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Publication numberUS5712167 A
Publication typeGrant
Application numberUS 08/682,219
Publication dateJan 27, 1998
Filing dateJul 17, 1996
Priority dateJul 19, 1995
Fee statusLapsed
Also published asCN1085337C, CN1158992A, DE69635971D1, EP0756168A2, EP0756168A3, EP0756168B1
Publication number08682219, 682219, US 5712167 A, US 5712167A, US-A-5712167, US5712167 A, US5712167A
InventorsYoshinori Yamaguchi, Xiaoming Dou, Masayuki Yagi, Harumi Uenoyama
Original AssigneeKyoto Dai-Ichi Kagaku Co., Ltd.
Export CitationBiBTeX, EndNote, RefMan
External Links: USPTO, USPTO Assignment, Espacenet
Method of measuring Amadori compound by light scattering
US 5712167 A
Abstract
In order to quantitatively measure an Amadori compound by a simple optical method utilizing light scattering, a sample containing an Amadori compound which is stored in a cell is irradiated with excitation light from an He--Ne laser unit so that scattered light from the sample is received and separated into its spectral components for obtaining a light scattering spectrum, and a light scattering peak existing at 820 to 840 cm-1, 1655 to 1660 cm-1, 2000 to 2020 cm-1, 2080 to 2100 cm-1, 2460 to 2470 cm-1 or 2530 to 2600 cm-1 in shift wavenumber with respect to the excitation wavelength in the light scattering spectrum is detected by a detector. The saccharide concentration or the saccharification ratio of the Amadori compound is measured by a calibration curve through the peak intensity or the peak integral value of the light scattering peak.
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Claims(7)
We claim:
1. A method of measuring an Amadori compound by irradiating a sample containing said Amadori compound with excitation light of a single wavelength, receiving scattered light from said sample and separating said scattered light into its spectral components for obtaining a light scattering spectrum, and performing quantitative measurement of said Amadori compound through a light scattering peak existing at 820 to 840 cm-1, 1655 to 1660 cm-1, 2000 to 2020 cm-1, 2080 to 2100 cm-1, 2460 to 2470 cm-1 or 2530 to 2600 cm-1 in shift wavenumber with respect to said excitation wavelength in said light scattering spectrum.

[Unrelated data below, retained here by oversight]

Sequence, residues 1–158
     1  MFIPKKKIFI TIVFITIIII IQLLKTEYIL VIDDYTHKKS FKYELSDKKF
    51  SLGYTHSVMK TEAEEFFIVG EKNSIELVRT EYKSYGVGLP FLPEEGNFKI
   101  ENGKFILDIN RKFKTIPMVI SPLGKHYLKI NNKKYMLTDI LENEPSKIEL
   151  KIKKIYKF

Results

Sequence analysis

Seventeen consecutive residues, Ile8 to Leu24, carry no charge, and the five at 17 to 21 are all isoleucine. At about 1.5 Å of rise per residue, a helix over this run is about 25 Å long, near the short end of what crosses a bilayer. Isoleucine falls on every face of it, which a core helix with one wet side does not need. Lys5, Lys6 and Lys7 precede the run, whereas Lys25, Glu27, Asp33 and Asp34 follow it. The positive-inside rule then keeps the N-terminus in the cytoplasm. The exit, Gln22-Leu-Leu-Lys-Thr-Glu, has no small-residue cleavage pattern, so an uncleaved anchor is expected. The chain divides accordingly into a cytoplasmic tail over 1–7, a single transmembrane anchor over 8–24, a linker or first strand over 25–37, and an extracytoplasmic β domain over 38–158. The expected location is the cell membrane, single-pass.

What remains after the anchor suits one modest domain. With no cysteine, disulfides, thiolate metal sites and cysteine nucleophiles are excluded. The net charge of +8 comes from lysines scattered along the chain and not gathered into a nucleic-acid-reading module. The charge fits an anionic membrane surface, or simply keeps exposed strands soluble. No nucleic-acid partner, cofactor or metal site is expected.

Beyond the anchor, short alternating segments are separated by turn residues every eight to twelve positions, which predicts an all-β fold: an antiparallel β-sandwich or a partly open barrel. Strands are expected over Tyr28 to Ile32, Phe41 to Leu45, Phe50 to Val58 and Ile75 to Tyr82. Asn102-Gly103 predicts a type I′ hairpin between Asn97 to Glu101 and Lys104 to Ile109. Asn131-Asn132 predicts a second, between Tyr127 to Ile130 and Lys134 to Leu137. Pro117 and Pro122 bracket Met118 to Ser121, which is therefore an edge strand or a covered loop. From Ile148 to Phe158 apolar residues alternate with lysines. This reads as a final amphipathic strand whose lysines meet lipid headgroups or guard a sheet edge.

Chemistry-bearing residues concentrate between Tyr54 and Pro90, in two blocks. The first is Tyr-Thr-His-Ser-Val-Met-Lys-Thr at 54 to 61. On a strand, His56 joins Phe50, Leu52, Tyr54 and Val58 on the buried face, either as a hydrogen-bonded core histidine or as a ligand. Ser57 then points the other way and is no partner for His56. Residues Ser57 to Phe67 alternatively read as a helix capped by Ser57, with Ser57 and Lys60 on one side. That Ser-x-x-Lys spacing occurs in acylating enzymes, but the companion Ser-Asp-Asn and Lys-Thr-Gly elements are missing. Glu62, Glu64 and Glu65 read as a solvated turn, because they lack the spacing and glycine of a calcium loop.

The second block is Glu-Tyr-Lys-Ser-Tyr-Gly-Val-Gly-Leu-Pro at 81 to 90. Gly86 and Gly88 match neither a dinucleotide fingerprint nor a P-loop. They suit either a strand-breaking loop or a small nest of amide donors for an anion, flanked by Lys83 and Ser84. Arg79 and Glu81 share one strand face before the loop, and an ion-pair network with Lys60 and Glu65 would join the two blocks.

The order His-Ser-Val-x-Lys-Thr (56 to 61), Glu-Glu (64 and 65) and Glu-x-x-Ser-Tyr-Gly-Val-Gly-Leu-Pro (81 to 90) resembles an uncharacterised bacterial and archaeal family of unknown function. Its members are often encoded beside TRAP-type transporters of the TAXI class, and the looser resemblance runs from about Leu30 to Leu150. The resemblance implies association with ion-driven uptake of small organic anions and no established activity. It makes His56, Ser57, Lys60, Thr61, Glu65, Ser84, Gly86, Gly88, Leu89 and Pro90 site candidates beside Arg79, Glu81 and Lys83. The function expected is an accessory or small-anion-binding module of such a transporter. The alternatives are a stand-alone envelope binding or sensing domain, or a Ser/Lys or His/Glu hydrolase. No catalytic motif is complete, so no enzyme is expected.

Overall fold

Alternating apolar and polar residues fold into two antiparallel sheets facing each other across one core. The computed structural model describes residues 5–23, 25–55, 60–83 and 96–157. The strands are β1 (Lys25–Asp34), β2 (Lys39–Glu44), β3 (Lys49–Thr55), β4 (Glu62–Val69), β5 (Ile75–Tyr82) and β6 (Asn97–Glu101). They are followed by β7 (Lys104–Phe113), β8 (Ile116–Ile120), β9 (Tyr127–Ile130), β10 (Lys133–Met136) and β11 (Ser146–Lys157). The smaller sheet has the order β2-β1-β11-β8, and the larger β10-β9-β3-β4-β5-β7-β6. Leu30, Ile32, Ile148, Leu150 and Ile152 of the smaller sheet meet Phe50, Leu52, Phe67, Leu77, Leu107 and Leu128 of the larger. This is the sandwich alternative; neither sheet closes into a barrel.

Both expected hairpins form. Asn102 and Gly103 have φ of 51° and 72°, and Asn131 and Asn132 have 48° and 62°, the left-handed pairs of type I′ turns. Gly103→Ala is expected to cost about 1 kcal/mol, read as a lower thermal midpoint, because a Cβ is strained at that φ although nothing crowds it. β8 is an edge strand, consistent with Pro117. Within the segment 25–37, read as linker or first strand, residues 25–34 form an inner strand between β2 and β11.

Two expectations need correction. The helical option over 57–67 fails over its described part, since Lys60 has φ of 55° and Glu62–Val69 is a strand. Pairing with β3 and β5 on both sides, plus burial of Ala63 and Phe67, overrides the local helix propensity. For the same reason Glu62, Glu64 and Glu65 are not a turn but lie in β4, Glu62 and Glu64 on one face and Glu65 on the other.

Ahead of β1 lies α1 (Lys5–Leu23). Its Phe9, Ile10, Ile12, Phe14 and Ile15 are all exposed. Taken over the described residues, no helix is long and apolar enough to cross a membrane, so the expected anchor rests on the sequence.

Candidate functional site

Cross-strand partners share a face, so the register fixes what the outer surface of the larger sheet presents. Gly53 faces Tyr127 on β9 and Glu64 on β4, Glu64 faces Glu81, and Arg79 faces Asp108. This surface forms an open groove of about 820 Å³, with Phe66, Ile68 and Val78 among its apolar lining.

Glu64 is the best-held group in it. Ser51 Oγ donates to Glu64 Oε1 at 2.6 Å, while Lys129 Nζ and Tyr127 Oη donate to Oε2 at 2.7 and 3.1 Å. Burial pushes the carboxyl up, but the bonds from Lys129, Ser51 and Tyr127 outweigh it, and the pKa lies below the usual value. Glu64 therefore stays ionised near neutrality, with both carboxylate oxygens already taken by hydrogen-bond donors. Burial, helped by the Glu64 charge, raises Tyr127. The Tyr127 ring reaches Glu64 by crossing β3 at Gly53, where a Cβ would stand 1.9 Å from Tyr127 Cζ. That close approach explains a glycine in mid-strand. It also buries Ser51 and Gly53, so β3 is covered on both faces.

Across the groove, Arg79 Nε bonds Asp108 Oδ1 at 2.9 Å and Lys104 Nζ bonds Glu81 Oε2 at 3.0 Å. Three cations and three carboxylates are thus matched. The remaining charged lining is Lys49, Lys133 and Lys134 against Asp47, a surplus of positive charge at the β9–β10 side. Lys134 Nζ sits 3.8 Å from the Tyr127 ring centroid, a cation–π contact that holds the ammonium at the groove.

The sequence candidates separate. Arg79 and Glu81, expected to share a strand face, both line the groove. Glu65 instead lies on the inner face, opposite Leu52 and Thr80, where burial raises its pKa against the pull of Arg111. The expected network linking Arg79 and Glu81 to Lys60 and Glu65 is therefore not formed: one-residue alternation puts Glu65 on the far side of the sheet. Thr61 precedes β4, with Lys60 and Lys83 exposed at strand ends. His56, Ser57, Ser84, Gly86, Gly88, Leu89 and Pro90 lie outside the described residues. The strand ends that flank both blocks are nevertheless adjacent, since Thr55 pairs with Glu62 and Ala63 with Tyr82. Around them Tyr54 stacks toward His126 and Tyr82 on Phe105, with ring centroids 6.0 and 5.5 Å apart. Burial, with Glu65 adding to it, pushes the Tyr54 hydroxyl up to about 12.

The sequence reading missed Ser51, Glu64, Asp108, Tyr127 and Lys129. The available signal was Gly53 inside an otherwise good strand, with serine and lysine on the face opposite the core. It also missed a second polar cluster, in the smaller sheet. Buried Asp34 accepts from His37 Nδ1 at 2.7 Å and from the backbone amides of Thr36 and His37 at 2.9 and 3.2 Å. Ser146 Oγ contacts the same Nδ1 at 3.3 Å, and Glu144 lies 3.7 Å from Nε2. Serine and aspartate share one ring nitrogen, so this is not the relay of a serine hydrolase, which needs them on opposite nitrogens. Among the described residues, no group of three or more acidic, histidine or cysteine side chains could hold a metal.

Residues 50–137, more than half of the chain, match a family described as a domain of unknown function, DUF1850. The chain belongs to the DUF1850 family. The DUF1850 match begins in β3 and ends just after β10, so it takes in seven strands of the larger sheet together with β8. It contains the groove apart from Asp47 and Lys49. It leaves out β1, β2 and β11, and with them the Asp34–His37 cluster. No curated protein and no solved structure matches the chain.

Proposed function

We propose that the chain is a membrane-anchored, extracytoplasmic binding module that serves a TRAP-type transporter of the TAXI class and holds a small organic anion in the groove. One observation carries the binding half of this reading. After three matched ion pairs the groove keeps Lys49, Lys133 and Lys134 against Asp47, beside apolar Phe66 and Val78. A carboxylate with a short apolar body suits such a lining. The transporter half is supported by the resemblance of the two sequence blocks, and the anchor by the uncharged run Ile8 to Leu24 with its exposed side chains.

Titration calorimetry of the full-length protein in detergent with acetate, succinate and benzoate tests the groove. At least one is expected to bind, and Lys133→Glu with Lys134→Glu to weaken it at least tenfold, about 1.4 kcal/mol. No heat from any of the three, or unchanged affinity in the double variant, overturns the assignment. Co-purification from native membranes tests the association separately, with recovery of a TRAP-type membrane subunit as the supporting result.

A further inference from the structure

2. The method of measuring an Amadori compound in accordance with claim 1, wherein
an arithmetic operation of removing a fluorescence spectrum part from said light scattering spectrum is performed and thereafter said quantitative measurement of said Amadori compound is performed on the basis of a peak intensity or an integral value of any said light scattering peak.
3. The method of measuring an Amadori compound in accordance with claim 1, wherein
a concentration or a saccharification ratio of said Amadori compound being obtained on the basis of a peak intensity or an integral value of any said light scattering peak is corrected by an integral value of an arbitrarily set wavenumber region in said light scattering spectrum.
4. The method of measuring an Amadori compound in accordance with claim 1, wherein
said measured Amadori compound is any one of saccharified albumin, saccharified hemoglobin and fructosamine.
5. The method of measuring an Amadori compound in accordance with claim 1, wherein
an He--Ne laser unit is employed as an excitation light source.
6. The method of measuring an Amadori compound in accordance with claim 1, wherein
saccharification ratio measurement of said Amadori compound is performed on the basis of the ratio I/S of a peak intensity or an integral value I of any said light scattering peak to an integral value S of a fluorescence spectrum of an arbitrarily set wavenumber region in said light scattering spectrum.
7. The method of measuring an Amadori compound in accordance with claim 6, wherein